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dc.contributor.authorRuiz Moreno, Carlos
dc.contributor.authorLara, Beatriz
dc.contributor.authorBrito de Souza, Diego
dc.contributor.authorGutiérrez Hellín, Jorge 
dc.contributor.authorRomero-Moraleda, Blanca
dc.contributor.authorCuéllar Rayo, Ángel
dc.contributor.authorDel Coso, Juan
dc.date.accessioned2020-07-02T12:07:58Z
dc.date.available2020-07-02T12:07:58Z
dc.date.issued2019
dc.identifier.issn0306-5251spa
dc.identifier.urihttp://hdl.handle.net/10641/1945
dc.description.abstractAims: The main mechanism behind caffeine’s ergogenicity lies in its tendency to bind to adenosine A1 and A2A receptors. However, other mechanisms might contribute to caffeine’s ergogenicity. The aim of this investigation was to analyze the effects of caffeine on muscle oxygen saturation during exercise of increasing intensity. Methods: Thirteen healthy and active individuals volunteered to participate in a randomized, double blind, placebo-controlled crossover trial. During two different trials, participants either ingested a placebo (cellulose) or 3 mg/kg of caffeine. After waiting for 60 min to absorb the substances, participants underwent a maximal ramp cycle ergometer test (25 W/min). Near infrared spectrometers were positioned on each leg’s vastus lateralis to monitor tissue O2 saturation. Blood lactate concentration was measured 1 min after the end of the exercise test. Results: In comparison to the placebo, the ingestion of caffeine improved the maximal wattage (258±50 vs 271±54 W, respectively, P < 0.001) and blood lactate concentration (11.9±3.8 vs 13.7±3.5 mmol/L, P = 0.029) at the end of the test. Caffeine increased muscle oxygen saturation at several exercise workloads with a main effect found in respect to the placebo (F = 6.28, P = 0.029). Peak pulmonary ventilation (124±29 vs 129±23 L/min, P=0.035) and VO2peak (3.18±0.70 vs 3.33±0.88 L/min, P=0.032) were also increased with caffeine. Conclusion: Acute ingestion of 3 mg/kg of caffeine improved peak aerobic performance while caffeine-induced changes seen in muscle oxygen saturation, pulmonary ventilation, and blood lactate accumulation suggest that these mechanisms might also contribute to caffeine’s ergogenic effect.spa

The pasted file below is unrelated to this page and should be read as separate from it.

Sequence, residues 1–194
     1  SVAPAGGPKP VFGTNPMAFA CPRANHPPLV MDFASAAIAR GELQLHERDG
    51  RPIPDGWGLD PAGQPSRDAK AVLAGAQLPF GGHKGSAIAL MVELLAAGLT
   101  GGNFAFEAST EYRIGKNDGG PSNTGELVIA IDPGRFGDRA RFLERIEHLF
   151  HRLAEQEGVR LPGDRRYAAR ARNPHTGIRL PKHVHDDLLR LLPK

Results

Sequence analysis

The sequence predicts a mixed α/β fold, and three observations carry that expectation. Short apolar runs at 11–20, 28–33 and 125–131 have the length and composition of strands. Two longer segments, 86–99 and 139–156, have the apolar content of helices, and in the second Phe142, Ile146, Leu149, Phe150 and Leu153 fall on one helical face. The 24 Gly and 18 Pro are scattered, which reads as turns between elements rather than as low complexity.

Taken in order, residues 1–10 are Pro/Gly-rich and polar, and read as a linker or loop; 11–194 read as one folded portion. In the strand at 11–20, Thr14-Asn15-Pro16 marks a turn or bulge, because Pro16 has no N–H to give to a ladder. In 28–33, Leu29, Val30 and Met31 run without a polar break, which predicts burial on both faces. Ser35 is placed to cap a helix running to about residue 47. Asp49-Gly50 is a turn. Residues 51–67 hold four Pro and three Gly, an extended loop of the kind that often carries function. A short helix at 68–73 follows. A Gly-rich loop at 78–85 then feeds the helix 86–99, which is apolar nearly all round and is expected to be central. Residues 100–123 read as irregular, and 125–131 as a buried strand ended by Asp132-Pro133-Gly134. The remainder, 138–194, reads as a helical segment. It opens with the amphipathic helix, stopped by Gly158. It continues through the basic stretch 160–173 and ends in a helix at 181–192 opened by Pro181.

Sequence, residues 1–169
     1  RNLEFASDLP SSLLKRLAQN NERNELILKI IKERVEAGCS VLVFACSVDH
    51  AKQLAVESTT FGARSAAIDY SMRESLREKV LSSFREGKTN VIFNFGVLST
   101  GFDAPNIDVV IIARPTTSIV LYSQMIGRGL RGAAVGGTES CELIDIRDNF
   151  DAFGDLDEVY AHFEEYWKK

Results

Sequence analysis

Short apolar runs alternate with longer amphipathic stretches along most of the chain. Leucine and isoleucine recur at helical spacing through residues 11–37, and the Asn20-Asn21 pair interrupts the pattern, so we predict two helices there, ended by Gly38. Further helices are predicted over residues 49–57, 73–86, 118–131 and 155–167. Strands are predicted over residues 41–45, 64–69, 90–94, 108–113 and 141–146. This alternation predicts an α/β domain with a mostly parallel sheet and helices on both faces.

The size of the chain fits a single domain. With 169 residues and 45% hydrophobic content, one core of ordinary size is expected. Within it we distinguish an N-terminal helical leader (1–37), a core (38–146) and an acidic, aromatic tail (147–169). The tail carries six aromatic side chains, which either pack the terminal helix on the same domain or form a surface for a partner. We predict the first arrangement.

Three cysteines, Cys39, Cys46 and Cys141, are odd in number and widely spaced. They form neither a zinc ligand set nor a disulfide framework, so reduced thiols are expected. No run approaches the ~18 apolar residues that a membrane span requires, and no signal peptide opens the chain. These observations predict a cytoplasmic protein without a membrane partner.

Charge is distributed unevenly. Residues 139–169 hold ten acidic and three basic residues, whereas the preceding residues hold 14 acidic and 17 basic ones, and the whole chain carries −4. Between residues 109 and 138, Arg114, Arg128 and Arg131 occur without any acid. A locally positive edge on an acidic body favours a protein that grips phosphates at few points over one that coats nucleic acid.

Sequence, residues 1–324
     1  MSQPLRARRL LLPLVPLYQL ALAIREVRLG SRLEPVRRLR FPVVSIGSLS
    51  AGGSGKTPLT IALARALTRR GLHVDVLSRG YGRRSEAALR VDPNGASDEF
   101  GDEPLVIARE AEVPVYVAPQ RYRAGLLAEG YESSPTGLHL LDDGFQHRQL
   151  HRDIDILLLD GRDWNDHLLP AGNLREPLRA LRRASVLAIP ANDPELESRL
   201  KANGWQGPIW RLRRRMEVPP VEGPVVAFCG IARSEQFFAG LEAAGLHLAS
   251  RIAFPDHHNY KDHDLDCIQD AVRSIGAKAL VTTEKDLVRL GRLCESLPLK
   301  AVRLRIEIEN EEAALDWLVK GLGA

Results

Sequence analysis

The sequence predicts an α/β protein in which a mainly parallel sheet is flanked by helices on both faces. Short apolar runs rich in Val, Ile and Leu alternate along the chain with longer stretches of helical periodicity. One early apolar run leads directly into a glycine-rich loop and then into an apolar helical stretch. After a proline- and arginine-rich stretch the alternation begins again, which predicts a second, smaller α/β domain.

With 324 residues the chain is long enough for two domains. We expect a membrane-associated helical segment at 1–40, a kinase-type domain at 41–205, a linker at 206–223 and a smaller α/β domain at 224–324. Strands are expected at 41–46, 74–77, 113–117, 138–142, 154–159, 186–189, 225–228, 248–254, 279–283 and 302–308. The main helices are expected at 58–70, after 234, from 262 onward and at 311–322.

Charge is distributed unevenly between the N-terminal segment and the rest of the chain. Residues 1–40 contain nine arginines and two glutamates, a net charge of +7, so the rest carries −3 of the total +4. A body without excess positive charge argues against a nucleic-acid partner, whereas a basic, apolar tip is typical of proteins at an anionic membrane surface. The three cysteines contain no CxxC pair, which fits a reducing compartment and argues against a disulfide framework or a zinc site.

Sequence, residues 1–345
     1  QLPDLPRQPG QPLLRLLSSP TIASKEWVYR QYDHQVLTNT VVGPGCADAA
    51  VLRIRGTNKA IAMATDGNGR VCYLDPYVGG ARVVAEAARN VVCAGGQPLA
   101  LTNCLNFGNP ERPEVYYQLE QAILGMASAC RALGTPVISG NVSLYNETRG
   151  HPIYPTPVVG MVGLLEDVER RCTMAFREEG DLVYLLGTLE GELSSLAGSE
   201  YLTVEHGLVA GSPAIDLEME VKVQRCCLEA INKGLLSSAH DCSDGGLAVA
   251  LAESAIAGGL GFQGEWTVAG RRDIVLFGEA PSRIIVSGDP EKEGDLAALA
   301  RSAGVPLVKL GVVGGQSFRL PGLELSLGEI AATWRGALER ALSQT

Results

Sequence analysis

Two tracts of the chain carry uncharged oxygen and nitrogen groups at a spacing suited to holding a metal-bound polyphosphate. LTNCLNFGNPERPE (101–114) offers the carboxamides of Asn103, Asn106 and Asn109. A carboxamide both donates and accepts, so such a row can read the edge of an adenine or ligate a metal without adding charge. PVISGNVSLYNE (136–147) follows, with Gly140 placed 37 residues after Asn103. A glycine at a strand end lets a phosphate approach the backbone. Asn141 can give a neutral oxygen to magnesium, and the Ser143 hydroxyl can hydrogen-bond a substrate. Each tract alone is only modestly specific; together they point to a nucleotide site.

dc.language.isoengspa
dc.publisherBritish Journal of Clinical Pharmacologyspa
dc.rightsAtribución-NoComercial-SinDerivadas 3.0 España*
dc.rights.urihttp://creativecommons.org/licenses/by-nc-nd/3.0/es/*
dc.subjectNear infrared spectroscopyspa
dc.subjectMuscle oxygenationspa
dc.subjectHigh intensity exercisespa
dc.subjectCyclingspa
dc.titleAcute caffeine intake increases muscle oxygen saturation during a maximal incremental exercise test.spa
dc.typejournal articlespa
dc.type.hasVersionSMURspa
dc.rights.accessRightsopen accessspa
dc.description.extent430 KBspa
dc.identifier.doi10306-5251spa
dc.relation.publisherversionhttps://bpspubs.onlinelibrary.wiley.com/doi/abs/10.1111/bcp.14189spa


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